October is Youth Justice Awareness Month, and as consensus builds in the Senate and the House around the need for criminal justice reform, the effort to reauthorize the Juvenile Justice and Delinquency Prevention Act (JJDPA) is gaining momentum.
The lived experience of young people and their families is crucial to creating good policy.
Toward that end, we empower alumni of our programs to courageously share their personal stories with local and national legislators.
Sonya, from New Orleans, participated in a House briefing with other youth focused on the experiences of girls in the juvenile justice system. Aeryn, from Las Vegas, represented the youth voice on a panel to build support for the bipartisan Senate bill reauthorizing the JJDPA (S 1169). Most recently, Sloane, from Washington, D.C., participated in a congressional hearing before the House Committee on Education and the Workforce.
Sloane provided insight for an overview of the JJDPA and the ways in which it diverts youth from juvenile justice system involvement, supports alternatives to incarceration, saves taxpayer dollars and, most importantly, promotes safer, stronger and healthier youth, families and communities.
His perspective is important:
“I was in trouble with the law and spent time locked up in a juvenile detention center before coming to Boys Town Washington D.C. at the age of 15. Boys Town was the program that helped me and so many others just like me turn our lives around, but I’m not any different from other kids who end up in the juvenile justice system. The difference is that someone didn’t just lock me up and throw away the key. Instead, I got help and support in my community, and I was able to make changes for the long term.
“I think all youth want to do something positive with their lives and are looking for consistency and structure — whether we can express it effectively or not. At the hearing, they asked me what advice I would give to help other young people avoid the juvenile justice system, and it was a hard question to answer. It’s not as simple as telling someone to avoid negative peers or stay away from drugs. For me, hands-on programs with tangible outcomes brought out my best self. When I was given responsibility, it created a sense of fulfillment and obligation to do better and to be more.
“Youth need skills to change their behavior, and they shouldn’t have to get locked up before they are eligible for help. That’s what the JJDPA supports, and that’s why I support the law.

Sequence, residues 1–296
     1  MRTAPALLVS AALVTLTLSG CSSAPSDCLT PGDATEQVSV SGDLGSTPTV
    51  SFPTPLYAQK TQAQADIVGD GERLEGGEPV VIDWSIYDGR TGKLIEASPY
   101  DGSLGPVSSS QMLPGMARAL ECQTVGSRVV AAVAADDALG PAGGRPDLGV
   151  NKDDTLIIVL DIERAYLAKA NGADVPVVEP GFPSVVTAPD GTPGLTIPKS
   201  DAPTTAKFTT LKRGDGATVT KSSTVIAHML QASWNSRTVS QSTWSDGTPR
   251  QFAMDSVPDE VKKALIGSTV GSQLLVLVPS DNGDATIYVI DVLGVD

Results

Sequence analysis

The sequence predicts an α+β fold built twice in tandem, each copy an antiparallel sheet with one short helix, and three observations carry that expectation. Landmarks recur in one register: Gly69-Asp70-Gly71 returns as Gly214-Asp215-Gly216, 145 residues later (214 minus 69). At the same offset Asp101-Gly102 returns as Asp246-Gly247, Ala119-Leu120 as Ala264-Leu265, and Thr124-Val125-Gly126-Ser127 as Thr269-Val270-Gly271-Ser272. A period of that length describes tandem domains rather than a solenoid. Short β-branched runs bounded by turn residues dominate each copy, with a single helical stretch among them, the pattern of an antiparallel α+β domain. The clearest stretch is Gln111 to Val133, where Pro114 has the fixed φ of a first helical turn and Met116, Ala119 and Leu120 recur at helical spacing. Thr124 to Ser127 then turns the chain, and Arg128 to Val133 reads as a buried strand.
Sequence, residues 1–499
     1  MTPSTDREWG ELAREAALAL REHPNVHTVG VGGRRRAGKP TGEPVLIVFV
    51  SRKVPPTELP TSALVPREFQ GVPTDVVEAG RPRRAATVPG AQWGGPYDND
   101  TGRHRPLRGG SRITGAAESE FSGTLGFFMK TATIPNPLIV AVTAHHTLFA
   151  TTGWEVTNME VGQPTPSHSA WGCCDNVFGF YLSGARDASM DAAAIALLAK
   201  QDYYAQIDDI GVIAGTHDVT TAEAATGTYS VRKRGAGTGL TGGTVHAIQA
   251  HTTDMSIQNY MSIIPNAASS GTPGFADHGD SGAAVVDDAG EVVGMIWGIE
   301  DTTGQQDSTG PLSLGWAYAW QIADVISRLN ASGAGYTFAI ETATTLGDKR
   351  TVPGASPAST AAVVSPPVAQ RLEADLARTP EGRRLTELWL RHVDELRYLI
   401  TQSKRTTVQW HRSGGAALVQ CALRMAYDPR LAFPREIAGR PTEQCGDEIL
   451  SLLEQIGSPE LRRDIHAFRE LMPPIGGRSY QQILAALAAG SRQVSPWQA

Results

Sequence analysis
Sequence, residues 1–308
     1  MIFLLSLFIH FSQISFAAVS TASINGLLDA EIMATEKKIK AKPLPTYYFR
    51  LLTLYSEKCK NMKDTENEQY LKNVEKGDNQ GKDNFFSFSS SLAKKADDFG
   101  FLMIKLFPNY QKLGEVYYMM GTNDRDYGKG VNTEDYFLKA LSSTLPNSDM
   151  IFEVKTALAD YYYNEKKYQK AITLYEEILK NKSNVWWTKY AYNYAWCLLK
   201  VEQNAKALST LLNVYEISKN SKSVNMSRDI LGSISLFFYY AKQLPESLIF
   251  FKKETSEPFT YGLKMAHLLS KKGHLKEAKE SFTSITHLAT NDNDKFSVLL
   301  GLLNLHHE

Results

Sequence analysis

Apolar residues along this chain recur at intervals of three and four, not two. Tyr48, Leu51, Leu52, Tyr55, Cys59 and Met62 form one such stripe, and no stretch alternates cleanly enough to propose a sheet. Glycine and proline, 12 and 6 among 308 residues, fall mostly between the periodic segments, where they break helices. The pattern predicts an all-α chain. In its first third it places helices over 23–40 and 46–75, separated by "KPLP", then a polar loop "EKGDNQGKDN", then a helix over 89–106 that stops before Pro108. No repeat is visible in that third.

“I feel like if I can give back, I should. I hope sharing my story helped make the issue real for the congressmen who heard it. I hope others speak out, too. If anyone wants to know what works, talking and listening to individual young people is the key.”
Sloane’s testimony affected committee members. Many shared their own backgrounds working with and advocating for youth as principals, school board members, state legislators and lawyers before they became members of Congress. Democrats and Republicans alike stressed the importance of effective programs that address the root causes of delinquency and prioritize family involvement in prevention and rehabilitation.
Committee Chairman Rep. John Kline, R-Minn., expressed appreciation for the voice of a directly affected youth on the hearing panel, stating, “Mr. Baxter, thank you for the example you’re setting. By sharing your story with us today, you’re helping make a difference in the lives of others.”
The power of youth voice should not be underestimated. With the help of voices from around the country, Congress may finally be compelled to reauthorize this crucial piece of legislation.
Sloane Baxter, 22, is a volunteer youth advocate from Washington. Lisette Burton is the director of national advocacy for Boys Town, where she advocates for effective federal and state policies related to child welfare, juvenile justice, education and health. Boys Town is a member of the Act4JJ Coalition, a national group of juvenile justice, child welfare and youth development organizations advocating for the reauthorization of the Juvenile Justice and Delinquency Prevention Act and increased federal funding for juvenile justice programs and services.